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If I file a patent application and it turns out some of my claims are lacking novelty, or an inventive step, do I need to amend those claims in order to comply with PCT Article 33(2) or PCT Article 33(3)?

Some basis:

  • I am trying to file a patent with about 30 claims.
  • It was found that claims 1 to 8, and 24 to 30 lack novelty due to a prior art.
  • It was found that only claims 17 to 19, and 21 to 23 contain an inventive step. The rest do not.
  • All claims contain industrial applicability.

Now that I know about a prior art which causes a lot of my claims to lack novelty or an inventive step, is there something I need to do in order to amend them? What is the process if you just found out some prior art interferes with some of your claims?

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Since you mention Articles 33(2) and (3) PCT, I assume that you requested International Preliminary Examination, and that the Examiner who drafted the International Preliminary Examination Report (IPRP) found that some of your claims are not novel.

However, the IPRP is just that - preliminary. You may respond to the IPRP to try and overcome the objections it raises (Article 34(2)(d) PCT), but this is not compulsory. In other words, you are not obliged to amend your application during the international (PCT) phase.

When you enter the national/regional phases with your PCT application, you will have at least one opportunity to amend your application (Article 41(1) PCT) within a certain time limit (which depends on the patent office).

Which brings me to my second point. Just because the IPRP says that some claims are unpatentable does not mean:

  • that they really are (the Examiner might have misread one of the pieces of prior art, or he might have interpreted the prior art too broadly), or
  • that they are in all jurisdictions (for example, there are not-insignificant differences in practice between the USPTO and the EPO concerning obviousness or chemical inventions).

Also, there is always the chance that each of the patent offices where you entered the national/regional phase will start examination from scratch, possibly starting from different prior art.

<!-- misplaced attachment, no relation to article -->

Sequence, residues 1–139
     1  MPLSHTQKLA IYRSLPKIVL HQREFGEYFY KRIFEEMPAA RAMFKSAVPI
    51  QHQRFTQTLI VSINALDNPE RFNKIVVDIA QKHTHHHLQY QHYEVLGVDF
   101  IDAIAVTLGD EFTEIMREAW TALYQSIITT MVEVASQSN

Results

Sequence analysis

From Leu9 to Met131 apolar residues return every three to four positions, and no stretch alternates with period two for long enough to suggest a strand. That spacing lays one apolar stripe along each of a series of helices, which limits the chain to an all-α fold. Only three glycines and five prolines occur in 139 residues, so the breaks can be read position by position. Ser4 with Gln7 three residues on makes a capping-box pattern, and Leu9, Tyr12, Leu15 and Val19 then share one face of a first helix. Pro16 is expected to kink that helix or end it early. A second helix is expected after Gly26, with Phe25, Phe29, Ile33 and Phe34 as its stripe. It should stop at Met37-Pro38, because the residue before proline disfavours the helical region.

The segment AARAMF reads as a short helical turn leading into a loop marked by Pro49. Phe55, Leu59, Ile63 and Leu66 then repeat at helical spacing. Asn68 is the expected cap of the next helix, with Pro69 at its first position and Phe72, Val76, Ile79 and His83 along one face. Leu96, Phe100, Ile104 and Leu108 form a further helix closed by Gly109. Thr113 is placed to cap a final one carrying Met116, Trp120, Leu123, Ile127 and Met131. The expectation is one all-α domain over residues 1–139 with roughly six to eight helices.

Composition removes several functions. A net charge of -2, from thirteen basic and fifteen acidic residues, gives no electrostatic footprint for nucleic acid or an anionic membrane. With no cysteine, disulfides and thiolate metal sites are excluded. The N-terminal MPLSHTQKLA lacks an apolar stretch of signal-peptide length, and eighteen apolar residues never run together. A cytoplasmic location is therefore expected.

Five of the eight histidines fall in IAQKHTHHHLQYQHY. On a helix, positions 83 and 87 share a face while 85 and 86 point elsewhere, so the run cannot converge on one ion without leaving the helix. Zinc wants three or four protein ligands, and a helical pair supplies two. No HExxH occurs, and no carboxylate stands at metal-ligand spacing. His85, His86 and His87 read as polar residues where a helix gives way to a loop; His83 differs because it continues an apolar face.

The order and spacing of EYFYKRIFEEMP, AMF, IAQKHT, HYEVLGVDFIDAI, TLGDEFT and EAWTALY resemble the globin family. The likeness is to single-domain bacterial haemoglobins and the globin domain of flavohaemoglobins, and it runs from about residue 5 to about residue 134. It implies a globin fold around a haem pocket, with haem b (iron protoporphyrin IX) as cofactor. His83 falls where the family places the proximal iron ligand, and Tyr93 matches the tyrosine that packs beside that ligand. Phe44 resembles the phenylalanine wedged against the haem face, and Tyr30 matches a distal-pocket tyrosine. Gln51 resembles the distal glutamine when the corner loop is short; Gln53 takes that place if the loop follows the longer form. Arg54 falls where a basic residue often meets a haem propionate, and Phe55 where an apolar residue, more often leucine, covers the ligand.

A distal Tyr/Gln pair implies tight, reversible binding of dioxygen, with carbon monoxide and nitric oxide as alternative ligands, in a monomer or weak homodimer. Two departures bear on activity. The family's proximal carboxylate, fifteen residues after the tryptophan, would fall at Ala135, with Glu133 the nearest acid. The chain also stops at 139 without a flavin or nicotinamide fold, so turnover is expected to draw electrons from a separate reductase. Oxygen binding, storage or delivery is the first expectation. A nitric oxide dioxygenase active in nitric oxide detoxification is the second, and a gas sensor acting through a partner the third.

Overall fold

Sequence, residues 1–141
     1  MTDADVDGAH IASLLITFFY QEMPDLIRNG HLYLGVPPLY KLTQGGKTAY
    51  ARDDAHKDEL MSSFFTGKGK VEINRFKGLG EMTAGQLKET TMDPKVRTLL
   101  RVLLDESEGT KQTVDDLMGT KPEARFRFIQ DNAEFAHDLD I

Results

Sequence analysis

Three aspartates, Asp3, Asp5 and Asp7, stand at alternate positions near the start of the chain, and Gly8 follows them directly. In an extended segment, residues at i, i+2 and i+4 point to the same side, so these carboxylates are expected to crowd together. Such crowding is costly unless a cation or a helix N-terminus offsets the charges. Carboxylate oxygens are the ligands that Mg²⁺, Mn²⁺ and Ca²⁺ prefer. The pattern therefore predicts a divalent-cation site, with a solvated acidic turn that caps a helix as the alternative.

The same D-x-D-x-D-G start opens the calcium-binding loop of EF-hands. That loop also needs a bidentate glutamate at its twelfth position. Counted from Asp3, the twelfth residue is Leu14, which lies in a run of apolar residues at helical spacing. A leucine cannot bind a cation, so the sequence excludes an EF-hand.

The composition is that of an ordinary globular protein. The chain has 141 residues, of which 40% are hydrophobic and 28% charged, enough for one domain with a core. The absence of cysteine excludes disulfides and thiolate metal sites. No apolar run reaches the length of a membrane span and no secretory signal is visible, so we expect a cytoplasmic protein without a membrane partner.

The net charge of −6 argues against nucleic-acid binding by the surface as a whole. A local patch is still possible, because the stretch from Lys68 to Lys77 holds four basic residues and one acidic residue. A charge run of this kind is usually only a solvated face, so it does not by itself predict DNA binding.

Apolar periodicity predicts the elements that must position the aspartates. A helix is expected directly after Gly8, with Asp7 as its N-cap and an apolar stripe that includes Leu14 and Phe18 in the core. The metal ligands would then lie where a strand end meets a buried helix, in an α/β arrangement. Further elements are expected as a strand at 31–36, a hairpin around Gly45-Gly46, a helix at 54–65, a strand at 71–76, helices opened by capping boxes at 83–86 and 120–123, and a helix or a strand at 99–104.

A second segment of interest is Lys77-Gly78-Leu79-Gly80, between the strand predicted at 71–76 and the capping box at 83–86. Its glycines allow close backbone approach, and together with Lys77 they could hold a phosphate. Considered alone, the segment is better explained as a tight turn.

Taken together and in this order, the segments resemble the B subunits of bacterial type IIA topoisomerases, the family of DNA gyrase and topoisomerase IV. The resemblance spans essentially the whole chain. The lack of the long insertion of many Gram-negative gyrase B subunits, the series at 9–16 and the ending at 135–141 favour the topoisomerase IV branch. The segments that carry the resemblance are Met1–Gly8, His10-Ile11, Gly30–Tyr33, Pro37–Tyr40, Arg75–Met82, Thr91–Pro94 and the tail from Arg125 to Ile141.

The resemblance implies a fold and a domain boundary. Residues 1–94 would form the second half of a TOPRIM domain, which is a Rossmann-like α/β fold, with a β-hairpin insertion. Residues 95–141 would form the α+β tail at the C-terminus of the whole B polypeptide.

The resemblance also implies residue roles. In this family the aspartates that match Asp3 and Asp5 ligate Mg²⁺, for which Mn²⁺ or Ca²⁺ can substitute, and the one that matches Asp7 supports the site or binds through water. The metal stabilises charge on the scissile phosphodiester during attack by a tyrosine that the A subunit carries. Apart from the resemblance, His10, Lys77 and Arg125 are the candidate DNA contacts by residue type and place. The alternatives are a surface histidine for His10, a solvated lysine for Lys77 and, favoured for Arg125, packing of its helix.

In this context, I usually find amending the PCT application during the international phase to be of marginal interest, at best.

I usually consider making amendments only after the application it has entered the national/regional phases and the national/regional Examiner has rejected some of the claims. (Which I may address by arguing against the rejections, or by amending the claims, depending on the situation.)

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    This is an excellent answer. I really recommend @Alexandru consult with a patent lawyer. Doing this alone may be cheaper, but probably will end up with a weak patent (or none at all). – Eric Shain Feb 5 '17 at 15:41
  • Thanks Alexandre, your response was very informative. I have a question around the patent-ability of claims. Let's say I enter the national phase with one jurisdiction and the patent examiner complains that a claim lacks novelty, or an inventive step, due to prior art. How would you amend it, in that case? I guess I am a bit confused and I am wondering whether or not all claims in a patent have to have novelty, inventive steps, and industrial applicability? If I want to expand on a prior art with novel ideas, what is the best way to do so? – Alexandru Feb 5 '17 at 17:16
  • @Alexandru The problem with your question is that no one can give specific advise without having all the information. This is why you need to consider hiring a patent lawyer. Claims are challenging. Legal precedent matters. I once worked with a law firm on one of my patents that only allowed the partners to write claims whereas associates could do drafting of the specification. – Eric Shain Feb 6 '17 at 15:06
  • I totally agree with @EricShain. All we can say in abstract is that all of the claims have to be novel, inventive, and have industrial applicability, and that (as you probably know) you achieve this by making sure that each independent claim meets these criteria. Anything beyond that is fact- (and often jurisdiction-) specific. A patent attorney is best placed to advise you. – Alexandre Flak Feb 6 '17 at 15:50
  • I must also add that whenever you are amending your application, you must make sure that you are not introducing any new matter. This can be a surprisingly subtle exercise, and some jurisdictions are very unforgiving in this respect (in particular the European Patent Office). – Alexandre Flak Feb 6 '17 at 15:54

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